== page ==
1. Rob Donoghue Post author

      Having now used “enabler” in a few conversations and hating it more each time, I GLEEFULLY update the terminology.

  2. Angry Wombat

    You know – you reasoning above is part of why I enjoy well made random tables. It allows the ma (while acting as GM) to concentrate more on being an “enabler” and less on being an “entertainer”. When something else does some of the heavy lifting in the creativity side, it allows me to be a rules judge (authority) and lets me help the players interact with the world as presented.

    I can guess that this might be a reason why the heavily scripted modules (like Pathfinder adventure paths, and the recent D&D 5e stuff) are so popular – it is taking the “heavy lifting” of creativity and makes the budding GMs thing they have the “entertaining” bit all covered.

    1. Rob Donoghue Post author

      Precisely my thought! This (and a few things like it) are probably going to turn into a follow up post on what a product looks like when it picks up the load for each of these roles.

      1. Angry Wombat

        I’ll be interested in that post!

        This is why things like “Fronts” and “Agenda” from apocalypse world was useful – it makes the administrivia of a game easier. Anything which reduces the amount of stuff a GM has to keep in their head is a good thing.

        Funny thing – I also worked a lot in Scrum/Agile – using the same kind of thinking but applying it to RP would be useful…

        Whats the equivalent of a backlog for a GM (Fronts?) etc etc. Using scrum directly is just plain silly, but looking at how it divides responsibilities out might be a useful thing to do.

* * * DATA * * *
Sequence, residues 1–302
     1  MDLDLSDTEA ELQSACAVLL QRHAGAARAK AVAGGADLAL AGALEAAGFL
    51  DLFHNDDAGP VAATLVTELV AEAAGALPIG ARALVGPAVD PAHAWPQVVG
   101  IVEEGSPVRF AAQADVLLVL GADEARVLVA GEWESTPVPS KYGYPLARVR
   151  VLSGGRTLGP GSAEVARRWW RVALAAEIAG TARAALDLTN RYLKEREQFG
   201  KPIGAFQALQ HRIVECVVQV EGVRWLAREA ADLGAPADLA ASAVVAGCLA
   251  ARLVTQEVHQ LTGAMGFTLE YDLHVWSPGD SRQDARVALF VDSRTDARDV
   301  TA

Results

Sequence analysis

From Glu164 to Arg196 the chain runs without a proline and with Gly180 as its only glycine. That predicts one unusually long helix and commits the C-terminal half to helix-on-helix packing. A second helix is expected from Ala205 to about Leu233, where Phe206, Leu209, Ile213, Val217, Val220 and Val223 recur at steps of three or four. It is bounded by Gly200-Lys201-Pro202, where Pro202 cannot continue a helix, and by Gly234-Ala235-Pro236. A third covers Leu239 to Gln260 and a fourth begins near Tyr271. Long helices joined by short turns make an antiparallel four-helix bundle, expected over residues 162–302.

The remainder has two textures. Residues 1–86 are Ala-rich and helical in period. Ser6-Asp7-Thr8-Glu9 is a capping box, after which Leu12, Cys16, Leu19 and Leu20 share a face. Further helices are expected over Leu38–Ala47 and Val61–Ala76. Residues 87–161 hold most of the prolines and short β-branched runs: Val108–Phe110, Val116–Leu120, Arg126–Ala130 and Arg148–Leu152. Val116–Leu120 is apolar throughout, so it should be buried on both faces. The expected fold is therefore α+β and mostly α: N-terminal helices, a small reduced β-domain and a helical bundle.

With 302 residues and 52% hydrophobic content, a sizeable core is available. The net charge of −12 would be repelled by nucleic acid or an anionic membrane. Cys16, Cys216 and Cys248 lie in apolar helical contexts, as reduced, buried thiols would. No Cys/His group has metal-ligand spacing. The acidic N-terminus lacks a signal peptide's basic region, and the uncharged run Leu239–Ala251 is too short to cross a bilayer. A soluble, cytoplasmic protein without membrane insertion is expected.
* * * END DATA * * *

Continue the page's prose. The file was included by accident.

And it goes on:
3. Blue

    There is a degree that the Celebrant role can be provided/enhanced by the other players. A system with no only more player narrative ability, but the ability to things like _not_ spending plot currency to introduce neutral or dramatic issues as they apply to other characters (perhaps even granting them plot currency just like if a GM if negative) can help (a) share the responsibility about giving the GM time to focus on other aspects, and (b) have a common point of entry so the GM role doesn’t feel so different than the player role at the 5 minutes into opening the box mark.

    1. Rob Donoghue Post author

      True. Honestly, none of these roles MUST be GM exclusive. Rules experts can bring authority. Entertaining players are a known good thing. THe key with the GM and game is that *someone* needs to do it.

      1. blackcoat

        There’s an interesting interaction that happens when the rules expert isn’t the GM.
        The social contract that we’re accustomed to says “GM’s ruling is correct because we’ve given them that authority”